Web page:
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Enough Already With Creative Burnout

When I first started working as a professional Graphic Designer 20 years ago, in the early 2000's, things were different. No one talked about mental wellness. No one really talked about physical wellness. If you were fighting a cold you came in and toughed it out. If you had the flu you stayed home––but only because of your unwanted germs.

There was no such thing as mental health days. You could take "personal days" (usually two per year) which were basically mental health days––but I always felt weird taking them, even when I was burned out and creatively numb. It made me feel weak.

When my mom was working 30 years ago in the 1990's, there were no "personal days" just sick days. Her terrible, micromanaging, warden of a boss would call the house over and over whenever she took a sick day, just to make sure she was actually home AND physically sick (which she always was, likely because she wasn't ever able to take a mental health day).

When my dad was working 40 years ago in the 1980's, you just went to work no matter what. If someone died, you left an hour early for the funeral services. You came into the office late if your wife had a baby that morning, or if you had to drive her to the hospital for a surgery. Put-your-job-first was the expectation. My dad absolutely hated it and job-hopped a lot because of it, hoping to find a better work-life-balance somewhere else. There was nowhere else. Work-life-balance simply didn't exist.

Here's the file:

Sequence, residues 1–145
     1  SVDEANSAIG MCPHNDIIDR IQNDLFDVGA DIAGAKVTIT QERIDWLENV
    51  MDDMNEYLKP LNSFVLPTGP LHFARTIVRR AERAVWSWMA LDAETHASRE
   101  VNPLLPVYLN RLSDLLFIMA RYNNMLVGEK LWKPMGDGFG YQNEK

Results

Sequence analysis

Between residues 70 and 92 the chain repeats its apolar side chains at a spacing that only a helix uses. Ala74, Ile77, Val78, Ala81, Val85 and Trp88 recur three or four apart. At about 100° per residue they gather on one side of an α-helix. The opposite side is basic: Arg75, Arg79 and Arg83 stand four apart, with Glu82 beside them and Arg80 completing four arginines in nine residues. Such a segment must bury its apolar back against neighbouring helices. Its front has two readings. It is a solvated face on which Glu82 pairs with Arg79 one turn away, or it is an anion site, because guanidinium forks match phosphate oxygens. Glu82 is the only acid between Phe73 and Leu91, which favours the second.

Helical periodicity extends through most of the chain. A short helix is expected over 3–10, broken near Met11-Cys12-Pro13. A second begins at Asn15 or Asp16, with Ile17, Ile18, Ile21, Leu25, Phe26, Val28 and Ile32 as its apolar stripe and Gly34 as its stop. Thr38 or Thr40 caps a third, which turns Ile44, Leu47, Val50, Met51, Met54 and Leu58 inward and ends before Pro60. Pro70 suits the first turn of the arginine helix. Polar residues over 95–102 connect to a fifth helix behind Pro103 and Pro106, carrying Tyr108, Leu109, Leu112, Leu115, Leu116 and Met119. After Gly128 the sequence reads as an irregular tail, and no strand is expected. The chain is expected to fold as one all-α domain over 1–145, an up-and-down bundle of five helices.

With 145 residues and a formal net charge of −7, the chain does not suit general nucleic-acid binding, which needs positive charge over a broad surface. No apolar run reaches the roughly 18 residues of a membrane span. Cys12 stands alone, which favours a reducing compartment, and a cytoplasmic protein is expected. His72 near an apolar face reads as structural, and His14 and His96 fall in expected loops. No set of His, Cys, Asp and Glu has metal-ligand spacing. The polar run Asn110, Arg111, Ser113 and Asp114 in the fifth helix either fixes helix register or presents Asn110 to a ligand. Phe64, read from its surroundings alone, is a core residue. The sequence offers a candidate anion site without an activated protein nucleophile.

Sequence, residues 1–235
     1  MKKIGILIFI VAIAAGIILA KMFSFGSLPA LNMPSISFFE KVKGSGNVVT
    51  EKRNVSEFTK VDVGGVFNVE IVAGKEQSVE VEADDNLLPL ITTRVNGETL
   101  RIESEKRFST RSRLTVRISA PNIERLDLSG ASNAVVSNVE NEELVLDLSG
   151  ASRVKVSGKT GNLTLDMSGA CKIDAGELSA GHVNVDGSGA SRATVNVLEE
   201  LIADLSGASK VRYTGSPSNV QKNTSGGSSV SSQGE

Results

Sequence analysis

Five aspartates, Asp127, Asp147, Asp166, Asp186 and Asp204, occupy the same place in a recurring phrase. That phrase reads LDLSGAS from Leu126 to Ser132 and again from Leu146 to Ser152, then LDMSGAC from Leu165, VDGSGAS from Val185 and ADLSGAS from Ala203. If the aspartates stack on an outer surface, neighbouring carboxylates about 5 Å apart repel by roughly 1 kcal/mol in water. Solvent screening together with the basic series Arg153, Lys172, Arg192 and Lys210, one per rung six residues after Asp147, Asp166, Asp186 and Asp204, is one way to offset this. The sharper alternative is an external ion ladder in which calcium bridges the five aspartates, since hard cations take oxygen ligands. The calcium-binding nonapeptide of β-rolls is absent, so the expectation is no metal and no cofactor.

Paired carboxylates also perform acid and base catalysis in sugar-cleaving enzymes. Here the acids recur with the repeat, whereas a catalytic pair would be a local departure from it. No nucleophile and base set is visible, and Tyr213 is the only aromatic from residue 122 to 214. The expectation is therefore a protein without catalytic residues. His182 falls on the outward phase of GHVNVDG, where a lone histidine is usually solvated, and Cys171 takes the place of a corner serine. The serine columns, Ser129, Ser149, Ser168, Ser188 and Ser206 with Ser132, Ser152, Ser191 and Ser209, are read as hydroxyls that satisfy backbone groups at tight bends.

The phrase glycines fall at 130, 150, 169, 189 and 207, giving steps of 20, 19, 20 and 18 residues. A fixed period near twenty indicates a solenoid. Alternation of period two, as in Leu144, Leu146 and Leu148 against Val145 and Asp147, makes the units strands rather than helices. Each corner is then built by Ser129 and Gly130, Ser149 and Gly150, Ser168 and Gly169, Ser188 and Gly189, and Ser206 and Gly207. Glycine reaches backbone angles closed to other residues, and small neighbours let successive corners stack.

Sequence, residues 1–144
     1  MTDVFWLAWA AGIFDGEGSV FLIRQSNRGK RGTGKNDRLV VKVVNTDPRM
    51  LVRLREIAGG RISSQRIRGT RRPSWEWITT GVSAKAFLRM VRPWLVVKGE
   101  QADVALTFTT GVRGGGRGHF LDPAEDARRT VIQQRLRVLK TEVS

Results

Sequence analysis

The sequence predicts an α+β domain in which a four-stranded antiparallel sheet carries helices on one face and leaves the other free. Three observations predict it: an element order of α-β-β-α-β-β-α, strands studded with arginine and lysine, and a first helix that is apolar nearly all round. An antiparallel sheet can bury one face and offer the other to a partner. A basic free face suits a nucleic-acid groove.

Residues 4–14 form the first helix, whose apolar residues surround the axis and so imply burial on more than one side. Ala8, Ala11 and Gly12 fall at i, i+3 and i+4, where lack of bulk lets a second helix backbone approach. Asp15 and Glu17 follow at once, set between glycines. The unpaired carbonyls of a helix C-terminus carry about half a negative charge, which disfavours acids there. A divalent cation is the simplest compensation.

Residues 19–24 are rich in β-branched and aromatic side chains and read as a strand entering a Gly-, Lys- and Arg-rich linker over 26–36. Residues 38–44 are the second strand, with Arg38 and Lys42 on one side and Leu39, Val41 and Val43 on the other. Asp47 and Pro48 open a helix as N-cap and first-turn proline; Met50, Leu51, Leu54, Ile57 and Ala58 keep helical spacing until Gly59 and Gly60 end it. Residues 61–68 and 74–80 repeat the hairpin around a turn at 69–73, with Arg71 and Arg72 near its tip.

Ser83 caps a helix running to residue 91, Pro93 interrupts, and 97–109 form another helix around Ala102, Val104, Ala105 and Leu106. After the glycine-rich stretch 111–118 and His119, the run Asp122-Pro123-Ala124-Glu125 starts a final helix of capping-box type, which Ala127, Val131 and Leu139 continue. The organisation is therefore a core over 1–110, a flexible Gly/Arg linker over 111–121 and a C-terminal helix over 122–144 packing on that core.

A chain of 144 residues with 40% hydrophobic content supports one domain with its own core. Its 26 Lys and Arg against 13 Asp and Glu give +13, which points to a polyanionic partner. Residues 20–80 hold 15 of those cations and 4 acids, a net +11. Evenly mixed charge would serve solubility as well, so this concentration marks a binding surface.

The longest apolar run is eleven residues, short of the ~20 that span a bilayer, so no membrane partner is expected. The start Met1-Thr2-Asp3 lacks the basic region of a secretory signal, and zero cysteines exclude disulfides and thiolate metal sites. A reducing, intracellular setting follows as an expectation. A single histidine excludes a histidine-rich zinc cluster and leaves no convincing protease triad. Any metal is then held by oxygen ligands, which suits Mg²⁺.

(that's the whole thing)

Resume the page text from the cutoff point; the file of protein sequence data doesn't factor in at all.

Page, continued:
Things have certainly changed since then, but have they changed enough?

I think what employers fail to recognize is that mental wellness is just as important than physical wellness––especially for those in creative fields where jobs require constant idea generation and a brain that is sharp, engaged, and ready to innovate.

Creatives need to be able to continue doing what they love without fearing the inevitable burnout. If you're in a role that is slowing wearing you down, don't let the stress of this current situation dictate your creative future.

Don't let it stop you from growing.

Don't allow it to dull your creative spark and dissolve all the reasons you went down this career path to begin with. And if you need help unearthing those reasons, finding your voice, and steering yourself back on course, please message me. I want to help. It's what I live to do, and what I do every single day. And I'd love nothing more than to do it for you.

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